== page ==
PCOs failing duty to provide core services
GPs are unable to follow national guidelines in a wide range of clinical areas because of serious gaps in the services available locally, a Pulse investigation reveals.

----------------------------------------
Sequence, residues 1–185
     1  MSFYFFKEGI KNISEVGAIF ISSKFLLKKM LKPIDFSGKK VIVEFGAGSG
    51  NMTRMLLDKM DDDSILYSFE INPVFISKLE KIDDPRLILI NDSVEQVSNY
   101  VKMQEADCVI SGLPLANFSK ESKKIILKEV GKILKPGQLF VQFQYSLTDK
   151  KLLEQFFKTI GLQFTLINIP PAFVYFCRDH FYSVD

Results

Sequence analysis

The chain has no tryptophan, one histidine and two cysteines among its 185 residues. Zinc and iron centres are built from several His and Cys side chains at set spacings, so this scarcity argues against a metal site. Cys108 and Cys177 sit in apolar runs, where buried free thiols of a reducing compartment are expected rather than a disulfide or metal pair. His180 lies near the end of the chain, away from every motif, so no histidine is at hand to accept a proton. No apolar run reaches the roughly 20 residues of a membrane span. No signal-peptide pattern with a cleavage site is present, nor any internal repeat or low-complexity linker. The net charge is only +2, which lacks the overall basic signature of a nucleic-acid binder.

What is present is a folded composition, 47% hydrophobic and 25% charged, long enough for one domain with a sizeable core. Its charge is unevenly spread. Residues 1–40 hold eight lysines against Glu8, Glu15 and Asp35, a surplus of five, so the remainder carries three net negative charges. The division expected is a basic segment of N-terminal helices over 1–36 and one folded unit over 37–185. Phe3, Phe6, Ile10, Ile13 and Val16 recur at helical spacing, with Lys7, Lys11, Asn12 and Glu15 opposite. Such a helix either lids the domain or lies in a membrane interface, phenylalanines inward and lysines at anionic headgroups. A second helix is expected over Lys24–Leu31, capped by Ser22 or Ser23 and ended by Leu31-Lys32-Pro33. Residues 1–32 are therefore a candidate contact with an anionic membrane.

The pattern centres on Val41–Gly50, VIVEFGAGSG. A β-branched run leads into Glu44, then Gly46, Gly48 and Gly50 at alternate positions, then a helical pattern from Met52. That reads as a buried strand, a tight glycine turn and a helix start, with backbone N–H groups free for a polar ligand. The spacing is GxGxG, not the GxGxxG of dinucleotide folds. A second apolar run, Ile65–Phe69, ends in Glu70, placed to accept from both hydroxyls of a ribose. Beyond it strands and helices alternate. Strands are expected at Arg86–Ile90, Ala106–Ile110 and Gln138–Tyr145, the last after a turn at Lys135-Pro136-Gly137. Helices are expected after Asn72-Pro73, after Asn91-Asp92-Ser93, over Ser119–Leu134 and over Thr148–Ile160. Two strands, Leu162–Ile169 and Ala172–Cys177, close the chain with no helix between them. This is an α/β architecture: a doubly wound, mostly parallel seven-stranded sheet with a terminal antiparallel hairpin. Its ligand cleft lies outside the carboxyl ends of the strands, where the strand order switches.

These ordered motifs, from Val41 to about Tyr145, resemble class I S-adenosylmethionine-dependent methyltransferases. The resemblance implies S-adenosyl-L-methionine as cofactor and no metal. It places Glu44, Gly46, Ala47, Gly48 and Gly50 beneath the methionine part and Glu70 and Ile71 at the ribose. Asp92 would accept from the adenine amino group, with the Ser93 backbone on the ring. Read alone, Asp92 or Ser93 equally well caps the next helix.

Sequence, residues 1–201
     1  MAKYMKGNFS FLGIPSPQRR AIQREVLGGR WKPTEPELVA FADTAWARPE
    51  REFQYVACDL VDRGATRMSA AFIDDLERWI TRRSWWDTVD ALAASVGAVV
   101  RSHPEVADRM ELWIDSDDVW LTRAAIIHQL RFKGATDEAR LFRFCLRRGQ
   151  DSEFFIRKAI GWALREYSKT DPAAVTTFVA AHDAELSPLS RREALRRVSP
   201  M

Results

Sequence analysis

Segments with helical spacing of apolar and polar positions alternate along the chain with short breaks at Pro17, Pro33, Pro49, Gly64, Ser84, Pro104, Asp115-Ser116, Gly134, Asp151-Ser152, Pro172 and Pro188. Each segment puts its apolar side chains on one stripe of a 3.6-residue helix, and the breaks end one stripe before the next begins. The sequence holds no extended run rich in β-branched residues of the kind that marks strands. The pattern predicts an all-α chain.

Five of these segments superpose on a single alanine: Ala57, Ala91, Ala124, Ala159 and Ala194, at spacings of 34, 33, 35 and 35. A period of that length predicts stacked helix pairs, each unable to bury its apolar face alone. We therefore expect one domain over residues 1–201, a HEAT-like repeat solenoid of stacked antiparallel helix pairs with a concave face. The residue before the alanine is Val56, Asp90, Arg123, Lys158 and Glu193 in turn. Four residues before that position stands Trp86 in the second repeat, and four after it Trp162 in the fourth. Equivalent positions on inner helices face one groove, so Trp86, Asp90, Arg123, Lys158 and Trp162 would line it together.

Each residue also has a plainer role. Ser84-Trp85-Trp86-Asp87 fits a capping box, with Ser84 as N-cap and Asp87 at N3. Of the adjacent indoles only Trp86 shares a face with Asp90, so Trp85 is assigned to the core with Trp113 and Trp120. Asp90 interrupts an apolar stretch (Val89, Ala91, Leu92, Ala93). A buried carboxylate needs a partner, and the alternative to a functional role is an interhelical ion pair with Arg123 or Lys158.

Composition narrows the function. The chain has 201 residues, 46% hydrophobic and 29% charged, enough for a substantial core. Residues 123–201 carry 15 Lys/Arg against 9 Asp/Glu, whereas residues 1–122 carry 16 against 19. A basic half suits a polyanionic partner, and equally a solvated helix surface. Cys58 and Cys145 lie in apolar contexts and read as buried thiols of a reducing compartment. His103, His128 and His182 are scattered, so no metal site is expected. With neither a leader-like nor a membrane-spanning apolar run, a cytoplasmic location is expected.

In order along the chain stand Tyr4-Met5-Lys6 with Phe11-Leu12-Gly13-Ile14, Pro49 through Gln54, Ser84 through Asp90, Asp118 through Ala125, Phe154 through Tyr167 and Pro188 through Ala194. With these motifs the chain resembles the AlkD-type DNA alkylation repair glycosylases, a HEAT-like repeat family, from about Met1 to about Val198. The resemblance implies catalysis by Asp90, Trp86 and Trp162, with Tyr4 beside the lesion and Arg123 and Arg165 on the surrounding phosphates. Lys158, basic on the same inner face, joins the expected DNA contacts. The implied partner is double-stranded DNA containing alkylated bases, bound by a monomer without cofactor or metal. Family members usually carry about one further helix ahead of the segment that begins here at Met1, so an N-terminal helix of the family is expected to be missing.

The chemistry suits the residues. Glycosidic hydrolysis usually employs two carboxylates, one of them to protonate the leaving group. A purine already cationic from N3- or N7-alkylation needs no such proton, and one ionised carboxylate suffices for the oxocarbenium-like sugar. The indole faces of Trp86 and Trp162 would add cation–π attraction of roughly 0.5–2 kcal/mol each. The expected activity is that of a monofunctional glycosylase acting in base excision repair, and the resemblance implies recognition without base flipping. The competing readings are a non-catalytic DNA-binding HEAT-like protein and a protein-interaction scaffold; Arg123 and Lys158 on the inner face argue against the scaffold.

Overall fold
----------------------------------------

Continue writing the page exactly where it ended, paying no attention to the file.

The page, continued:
Obese patients are missing out on exercise referral, patients with severe, unresponsive hayfever rarely have access to a specialist allergist and many trusts do not provide self-care courses for patients with chronic illness.There are also gaps in cardiac and pulmonary rehabilitation along with well-documented problems in access to psychological therapies.The findings chime with the recommendations of last week's report from the BMA, which urged the establishment of a core list of services to tackle the current lottery in access.Pulse gained information from 90 primary care organisations across the UK using the freedom of information act.There were particular shortages in allergy services, with only a third of trusts allowing GPs to refer patients with hayfever to a specialist clinic.Where allergy services were available, there were average waits of 71 days, and in some cases up to five months.A third of PCOs were not providing self-care courses for patients with rheumatoid arthritis, and a similar proportion did not provide dietician advice for patients with irritable bowel syndrome.A third of patients also lacked access to pulmonary rehabilitation courses, and waits averaged two months.Dr Scott Wilkes, a GP in Broomhill, Northumberland – an area where service provision is particularly patchy – said: 'Our exercise referral for obese patients only accepts patients who are damaged by their obesity, for example those who have hypertension. 'Surely it should be available for the 50% of the population who are obese before they are damaged and it becomes a national crisis?'Professor Aziz Sheikh, professor of primary care research and development at the University of Edinburgh, said: 'There is a lot of scope for improvement, particularly in asthma management. Without greater access to specialist care from GPs, lots of people do miss out.'A spokesperson for North-umberland PCT said the funding of services was a matter of priorities. The PCT supported the provision of more services, such as the expert patient programme, and had recently implemented a new pilot scheme for obesity firstname.lastname@example.org